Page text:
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Written by Vengatesh on July 2, 2020 Share on

Hornbill Festival in Nagaland: A great vacation idea

The Nagaland tribes celebrate their festivals with fervour and appreciation. Over 60 per cent of Nagaland’s population depends on agriculture, and so most of their festivals revolve around farming. They consider their festivals to be sacred and so it is essential to participate in those festivals. The Government organizes the Hornbill Festival in Nagaland each year in the first week of December to facilitate inter-tribal contact and to promote Nagaland’s cultural heritage. Organized by the Departments of State Tourism and Art & Culture, the Hornbill Festival in Nagaland exhibits a combination of cultural displays under one roof.

Hornbill Festival in Nagaland
Credits: Wikipedia

The success of the Hornbill Festival has boomed year on year. A clear depiction of that can be seen in the various newspapers which have spoken about the festival in abundance.

What to expect at the Hornbill Festival? 

This is a question that a lot of people ask. Sometimes, because there’s so much going on at the festival this very simple question is the hardest to answer. A line or two wouldn’t do this grand celebration any justice. You’ve got to see it to believe it.

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Hornbill Festival in Nagaland
Credits: Wikipedia

To put it very simply, imagine jumping from one tribe’s home to the next. Imagine seeing all of this on a much bigger and extravagant scale. All of that while holding on to your bamboo mugs, sipping the rice beer that’s brewed from these homes. The Hornbill Festival in Nagaland, also known as the Festival of Festivals, brings together all the seventeen Naga tribes, who come together to promote intercultural harmony.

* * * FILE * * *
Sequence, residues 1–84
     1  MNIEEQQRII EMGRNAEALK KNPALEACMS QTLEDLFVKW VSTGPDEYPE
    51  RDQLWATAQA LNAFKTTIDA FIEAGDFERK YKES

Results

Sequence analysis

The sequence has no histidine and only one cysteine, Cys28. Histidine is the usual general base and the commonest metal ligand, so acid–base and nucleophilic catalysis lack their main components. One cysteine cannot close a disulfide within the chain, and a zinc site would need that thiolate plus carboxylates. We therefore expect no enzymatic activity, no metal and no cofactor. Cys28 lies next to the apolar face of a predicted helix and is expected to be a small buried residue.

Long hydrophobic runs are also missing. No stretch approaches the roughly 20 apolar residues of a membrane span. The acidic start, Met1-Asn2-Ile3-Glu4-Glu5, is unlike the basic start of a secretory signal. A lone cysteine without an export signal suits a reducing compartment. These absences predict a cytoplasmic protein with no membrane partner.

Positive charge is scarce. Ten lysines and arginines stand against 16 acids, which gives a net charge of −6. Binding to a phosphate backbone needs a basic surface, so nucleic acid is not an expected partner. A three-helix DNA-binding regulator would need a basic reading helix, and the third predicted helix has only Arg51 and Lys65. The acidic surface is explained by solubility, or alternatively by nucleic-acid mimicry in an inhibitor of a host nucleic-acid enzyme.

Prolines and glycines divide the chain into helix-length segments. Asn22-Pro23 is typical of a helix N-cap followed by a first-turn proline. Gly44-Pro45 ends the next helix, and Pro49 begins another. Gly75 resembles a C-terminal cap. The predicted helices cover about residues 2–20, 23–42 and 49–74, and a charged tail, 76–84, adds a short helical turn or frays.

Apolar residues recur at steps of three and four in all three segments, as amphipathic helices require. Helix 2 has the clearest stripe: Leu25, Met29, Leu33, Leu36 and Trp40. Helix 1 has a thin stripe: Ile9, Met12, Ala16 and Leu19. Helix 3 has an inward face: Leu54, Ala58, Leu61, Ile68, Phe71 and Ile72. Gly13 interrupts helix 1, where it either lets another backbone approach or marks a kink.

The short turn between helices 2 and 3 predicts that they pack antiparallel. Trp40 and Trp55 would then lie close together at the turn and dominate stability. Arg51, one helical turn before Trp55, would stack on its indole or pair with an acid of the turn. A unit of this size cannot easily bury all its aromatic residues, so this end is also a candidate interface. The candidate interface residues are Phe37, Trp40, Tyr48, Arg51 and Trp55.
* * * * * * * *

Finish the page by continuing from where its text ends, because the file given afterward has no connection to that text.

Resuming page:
The Venue

The venue is the Naga Heritage Village in Kisama below Mount Japfu, which is about 10 kilometres from Nagaland ‘s capital Kohima. Since 2000, the festival has evolved from being a cultural festival that showcases the diversity of the Naga tribe to a grand event that every North-Eastern state now attends. In trying to unify the seven sisters, this is certainly one very important milestone that has been achieved.

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Do not miss out on these at the festival!

1. Interacting with people from different tribes

Festivals are the best time for people to interact with. People are relaxed, seeking a good time, and this is also the best time to interact with people from all tribes. Who knows, you could get invited to an authentic home-cooked meal at one of the houses. Be humble, be respectful and you will definitely have a good time.

2. Understand Naga tribal Culture

Tribes on the day of the Hornbill festival in Nagaland
Credits: Wikipedia

Do not make the mistake of assuming that they are all same. They are distinctly different from each other they have a different lineage and different symbols inherited from their ancestors.

3. Sample the authentic local food

Nagaland Smoked Pork
Credits: Wikipedia

Leaf cooked rice cakes, yam patties, roasted millets, boiled naga beans, aromatic brown rice, slow-cooked pork with bamboo plus beef pickles, rice beer and piping hot Naga chilli chutneys, of course. The list keeps going on and you just can’t stop drooling at these scrumptious delicacies at the Hornbill Festival.

4. Sip on the forbidden drink

Credits: Wikipedia